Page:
Departure Point: Barnesville, GA (GA86)
Type of Flight Plan Filed: None
Destination: Macon, GA (MAC)
Type of Clearance: None
Departure Time: 1112 EST
Type of Airspace: Class G

Airport Information

Airport: Little Tobesofkee (GA86)
Runway Surface Type: Grass/turf
Airport Elevation: 755 ft
Runway Surface Condition: Dry
Runway Used: 35
IFR Approach: None
Runway Length/Width: 3000 ft / 100 ft
VFR Approach/Landing: None

Wreckage and Impact Information

Crew Injuries: 2 Minor
Aircraft Damage: Substantial
Passenger Injuries: 2 None
Aircraft Fire: None
Ground Injuries: N/A
Aircraft Explosion: In-Flight and On-Ground
Total Injuries: 2 Minor, 2 None
Latitude, Longitude:  32.980000, -84.100000 (est)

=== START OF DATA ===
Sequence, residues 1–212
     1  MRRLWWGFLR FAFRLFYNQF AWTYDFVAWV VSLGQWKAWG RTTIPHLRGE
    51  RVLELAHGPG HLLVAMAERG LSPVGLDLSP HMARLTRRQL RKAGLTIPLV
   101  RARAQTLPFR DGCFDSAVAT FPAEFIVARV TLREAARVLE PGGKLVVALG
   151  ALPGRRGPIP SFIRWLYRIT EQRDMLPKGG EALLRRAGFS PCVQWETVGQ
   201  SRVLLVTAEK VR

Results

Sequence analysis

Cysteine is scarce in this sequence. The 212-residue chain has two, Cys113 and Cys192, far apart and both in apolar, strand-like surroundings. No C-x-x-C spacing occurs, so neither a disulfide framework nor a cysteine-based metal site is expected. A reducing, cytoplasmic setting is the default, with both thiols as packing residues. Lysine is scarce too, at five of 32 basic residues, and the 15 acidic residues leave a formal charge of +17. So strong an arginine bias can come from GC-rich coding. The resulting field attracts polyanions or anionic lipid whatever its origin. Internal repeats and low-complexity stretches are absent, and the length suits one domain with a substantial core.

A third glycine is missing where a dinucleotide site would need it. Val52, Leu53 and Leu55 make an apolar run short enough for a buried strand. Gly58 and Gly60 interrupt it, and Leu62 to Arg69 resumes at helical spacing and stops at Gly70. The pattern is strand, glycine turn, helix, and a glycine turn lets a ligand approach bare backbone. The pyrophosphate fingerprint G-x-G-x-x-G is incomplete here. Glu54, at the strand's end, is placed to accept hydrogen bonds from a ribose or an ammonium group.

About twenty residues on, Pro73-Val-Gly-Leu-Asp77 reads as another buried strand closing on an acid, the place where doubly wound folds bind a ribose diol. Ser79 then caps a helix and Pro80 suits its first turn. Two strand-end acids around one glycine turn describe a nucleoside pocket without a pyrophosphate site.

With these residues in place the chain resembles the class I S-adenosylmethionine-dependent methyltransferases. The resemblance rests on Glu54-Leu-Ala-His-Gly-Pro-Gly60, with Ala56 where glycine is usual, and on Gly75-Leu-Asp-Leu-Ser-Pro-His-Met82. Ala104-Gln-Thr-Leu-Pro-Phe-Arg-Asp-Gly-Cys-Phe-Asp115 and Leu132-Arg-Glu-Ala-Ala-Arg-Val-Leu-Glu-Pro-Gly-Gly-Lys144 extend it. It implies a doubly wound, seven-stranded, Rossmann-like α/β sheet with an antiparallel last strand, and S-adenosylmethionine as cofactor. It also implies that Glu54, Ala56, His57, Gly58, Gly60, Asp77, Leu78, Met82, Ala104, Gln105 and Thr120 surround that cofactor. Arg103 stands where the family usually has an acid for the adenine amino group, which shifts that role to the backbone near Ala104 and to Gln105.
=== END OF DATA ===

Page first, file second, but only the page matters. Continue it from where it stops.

A plane taking off from Redbone Run, a small grass airstrip southeast of Barnesville in Lamar County, crashed Saturday morning.

Redbone Run is part of a small flying community off of Community House Road.

Authorities responding to the crash found a small plane in the woods, occupied by four people. All four were transported to Macon Medical Center to be checked out for minor injuries.

The pilot told authorities that on takeoff, the plane appeared to have a mechanical failure and veered left. The pilot said they were at about tree-level when the failure occurred.

The investigation has been turned over to Federal Aviation Administration officials.

Original article can be found here ➤


  1. Mechanical failure, veered left, tree top level? Got me scratching my head.

  2. Plane in the pic doesn't look destroyed to me. I've seen crashed planes on here all torn up that are listed as substantial damage. I wonder if he was overweight and the plane wouldn't climb or perhaps stalled and dropped a wingtip.

  3. 4 people on a small plane plus full fuel = overloaded.
    Especially if all 4 weigh the same as the average Joe from the street in America...